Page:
You’ve worked hard on your financial plan, you understand what the targets are, what clients you want to work with and what services you’re going to provide to them.
You’ve even mapped out your team and how it needs to evolve over the course of the three-year plan. Now as the agency owner you’re looking at that plan and considering what the next step needs to be to give you the confidence that the end result is going to be a robust and stable business.
The team needs to be able to consistently deliver your best service to clients, and consistently deliver financial performance for the business.
The answer is systems. At MAP we believe that it’s critical to map out your entire financial processes from when a prospect shows interest in working with you, all the way through to the cash ending up in your bank.
Here are those four stages broken down:
#1 Prospect From Shown Interest to Proposal Produced
We would always start with understanding how a prospect can show an interest in working with you in the first place – do they fill in a form on your website, will they make a call to the studio, or email the business development manager who they met at an event?
There will be a few and it will be slightly different for every agency, but what does your sales process look like? An example could be:
Prospect completes form on website > Discovery call > Internal qualification meeting > Meeting with the prospect to discuss briefly> Produce proposal.
These first interactions with your prospect are key and the experience they have could make or break the relationship. At best it should give them 100% confidence that you’re the right agency for them to work with and that they should trust you with their hard earned project budget.
#2 Prospect from Proposal Produced to Signed Customer
Once the proposal has been produced, how is it shared with the prospect? We would encourage you never to email over a PDF and cross your fingers. There’s a lot of opportunity at this stage to add value and nurture them closer to being ready to sign.
Can you arrange a meeting with the key decision makers in their business to present the proposal and handle any objections there and then, making it more of a consultative selling approach? At the very least try and arrange a video call to talk it through, and always be in control of the next step and end every interaction with the next touch point being arranged.
How does your sign off process then look? Contracts are really important at this stage so both parties understand what exactly the deliverables are what should be expected of who and when. This is also the first point at which payment terms are formally agreed.
#3 Customer from Signed Up to Project Milestones Completed
You’ve been given the go-ahead by the client, the sign off process is now complete and the studio can get started on the project. Here it’s about working through the internal processes that we want to take place with every new project. Who is involved in the kick-off meeting and what is the agenda for that meeting that we stick to every time?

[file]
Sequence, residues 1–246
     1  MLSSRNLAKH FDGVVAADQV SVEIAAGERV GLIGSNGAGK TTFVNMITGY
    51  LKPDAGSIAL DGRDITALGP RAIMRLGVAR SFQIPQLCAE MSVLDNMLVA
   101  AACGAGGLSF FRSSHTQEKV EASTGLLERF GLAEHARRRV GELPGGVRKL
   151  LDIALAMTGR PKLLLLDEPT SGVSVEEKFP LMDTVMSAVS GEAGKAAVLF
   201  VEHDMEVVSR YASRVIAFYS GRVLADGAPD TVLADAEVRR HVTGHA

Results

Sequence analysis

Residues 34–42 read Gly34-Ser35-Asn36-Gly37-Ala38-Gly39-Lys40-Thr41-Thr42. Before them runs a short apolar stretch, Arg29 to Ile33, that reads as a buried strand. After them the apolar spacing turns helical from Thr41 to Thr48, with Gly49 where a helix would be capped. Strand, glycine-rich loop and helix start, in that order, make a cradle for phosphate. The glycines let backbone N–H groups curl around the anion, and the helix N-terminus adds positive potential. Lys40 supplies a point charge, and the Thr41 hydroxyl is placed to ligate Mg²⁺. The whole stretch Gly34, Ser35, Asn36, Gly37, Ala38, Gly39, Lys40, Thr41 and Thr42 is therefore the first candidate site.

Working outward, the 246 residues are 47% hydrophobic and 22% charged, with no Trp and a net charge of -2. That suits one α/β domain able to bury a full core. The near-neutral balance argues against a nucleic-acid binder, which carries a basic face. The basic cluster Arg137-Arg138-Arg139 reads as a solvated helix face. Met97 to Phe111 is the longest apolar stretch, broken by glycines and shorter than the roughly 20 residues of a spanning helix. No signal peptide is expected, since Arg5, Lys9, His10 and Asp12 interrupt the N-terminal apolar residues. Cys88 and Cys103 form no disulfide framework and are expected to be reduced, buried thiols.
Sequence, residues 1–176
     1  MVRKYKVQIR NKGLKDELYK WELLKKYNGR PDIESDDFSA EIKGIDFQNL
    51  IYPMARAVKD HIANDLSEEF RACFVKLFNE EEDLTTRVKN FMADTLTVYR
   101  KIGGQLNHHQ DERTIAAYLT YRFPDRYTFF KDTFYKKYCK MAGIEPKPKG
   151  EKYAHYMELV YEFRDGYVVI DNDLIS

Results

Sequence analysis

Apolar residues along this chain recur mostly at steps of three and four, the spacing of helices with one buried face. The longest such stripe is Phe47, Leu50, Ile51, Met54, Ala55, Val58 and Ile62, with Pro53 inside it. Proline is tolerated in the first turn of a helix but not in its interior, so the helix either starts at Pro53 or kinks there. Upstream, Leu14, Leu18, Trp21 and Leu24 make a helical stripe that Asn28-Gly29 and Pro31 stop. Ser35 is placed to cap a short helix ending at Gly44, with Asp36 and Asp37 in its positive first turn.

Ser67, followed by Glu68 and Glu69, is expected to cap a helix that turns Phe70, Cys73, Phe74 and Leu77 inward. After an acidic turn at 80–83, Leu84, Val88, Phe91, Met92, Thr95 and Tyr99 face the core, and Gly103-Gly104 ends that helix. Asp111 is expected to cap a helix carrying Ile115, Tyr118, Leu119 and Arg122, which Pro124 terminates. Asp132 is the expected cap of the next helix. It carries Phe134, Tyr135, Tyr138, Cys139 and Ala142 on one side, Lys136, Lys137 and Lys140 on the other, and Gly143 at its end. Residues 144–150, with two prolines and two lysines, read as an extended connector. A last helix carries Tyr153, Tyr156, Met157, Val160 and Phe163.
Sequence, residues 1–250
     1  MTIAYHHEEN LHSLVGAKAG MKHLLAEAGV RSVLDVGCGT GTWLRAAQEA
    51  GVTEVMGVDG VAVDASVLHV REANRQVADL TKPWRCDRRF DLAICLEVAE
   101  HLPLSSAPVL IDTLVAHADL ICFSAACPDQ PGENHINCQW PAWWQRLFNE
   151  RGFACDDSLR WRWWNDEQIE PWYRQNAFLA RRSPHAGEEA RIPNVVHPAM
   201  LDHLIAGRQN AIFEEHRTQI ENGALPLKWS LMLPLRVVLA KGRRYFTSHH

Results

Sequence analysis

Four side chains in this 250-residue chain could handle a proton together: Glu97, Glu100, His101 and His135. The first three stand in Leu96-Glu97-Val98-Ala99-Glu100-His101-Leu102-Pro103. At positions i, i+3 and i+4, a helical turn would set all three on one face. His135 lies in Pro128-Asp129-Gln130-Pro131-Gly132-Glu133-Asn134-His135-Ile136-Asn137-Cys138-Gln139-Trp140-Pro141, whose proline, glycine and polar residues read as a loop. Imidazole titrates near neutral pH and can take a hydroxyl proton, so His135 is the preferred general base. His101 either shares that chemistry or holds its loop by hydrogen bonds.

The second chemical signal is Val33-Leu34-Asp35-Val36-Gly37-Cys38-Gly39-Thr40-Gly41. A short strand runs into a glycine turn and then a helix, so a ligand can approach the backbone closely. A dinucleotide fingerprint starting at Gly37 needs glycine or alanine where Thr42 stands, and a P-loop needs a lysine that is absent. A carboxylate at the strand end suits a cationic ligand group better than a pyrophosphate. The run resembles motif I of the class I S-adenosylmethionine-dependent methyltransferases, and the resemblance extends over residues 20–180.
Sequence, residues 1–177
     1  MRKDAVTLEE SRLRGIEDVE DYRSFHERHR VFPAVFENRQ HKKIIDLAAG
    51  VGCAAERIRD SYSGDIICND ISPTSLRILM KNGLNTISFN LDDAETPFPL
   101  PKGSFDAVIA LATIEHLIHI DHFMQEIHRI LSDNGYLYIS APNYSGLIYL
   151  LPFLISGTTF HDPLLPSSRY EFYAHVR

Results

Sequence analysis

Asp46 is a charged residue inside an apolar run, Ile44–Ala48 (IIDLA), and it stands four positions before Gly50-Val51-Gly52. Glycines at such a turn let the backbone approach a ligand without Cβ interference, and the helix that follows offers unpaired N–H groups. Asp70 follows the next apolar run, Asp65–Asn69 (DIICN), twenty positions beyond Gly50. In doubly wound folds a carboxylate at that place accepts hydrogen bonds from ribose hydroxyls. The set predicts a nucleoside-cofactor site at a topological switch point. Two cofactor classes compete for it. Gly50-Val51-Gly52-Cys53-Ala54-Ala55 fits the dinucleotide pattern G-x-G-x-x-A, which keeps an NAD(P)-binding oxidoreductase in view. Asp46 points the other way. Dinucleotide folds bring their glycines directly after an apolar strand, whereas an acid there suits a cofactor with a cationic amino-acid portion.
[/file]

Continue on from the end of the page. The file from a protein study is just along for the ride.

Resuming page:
What project management systems do we need to set up to give us visibility of the progress being made and the confidence that it will come in on the budget?
We encourage all agencies to take deposits up front and most are now working on the basis that they won’t start work on a project until a 50% deposit is received. It’s important that is communicated as cash being received before you start, rather than just raising an invoice up front.
The next key step is to always be working to milestones that are under your control, for example when you send over the website design or when the first sprint is complete.
Don’t leave yourself waiting for them to do something before you can raise the invoice. You’ll need to leave a small percentage of the payment until completion so the client maintains an element of control, but the top agencies are reducing that down to as little as 5%.
#4 Invoice from Raised to Payment Received
When you’ve raised your invoice the final step is minimising the time it takes to receive payment. Our number one tip when it comes to receiving prompt payment from your customers is to over communicate at every stage. When they first sign up make sure you get the contact details of their accounts team so that you can start to build the relationship.
Throughout the entire project give them visibility of when they will be receiving invoices and when they need to make payment – there should be no surprises.
The key things to confirm are what your payment terms are, which can be as low as 0 days if the communication is right, and what your credit control procedures are.
Do you have a direct debit set up, can they make online payments or do they need to manually make a bank payment.
Do you have invoice reminders set up in Xero? It’s important to make every step as seamless as possible. Finally, how do you then chase payment if it’s late and what is your escalation process if they reach 3 days late, 7 days late, etc.
The output of all the above is that you have digital flowcharts of the key financial processes in your business. They’re ever evolving, but the first step is to have visibility of them so you can understand where the areas for improvement are.
The most important outcome is that you can now have the confidence that your business plan is going to become a reality. If you need help, book a discovery call here to arrange a Mapping session with our team.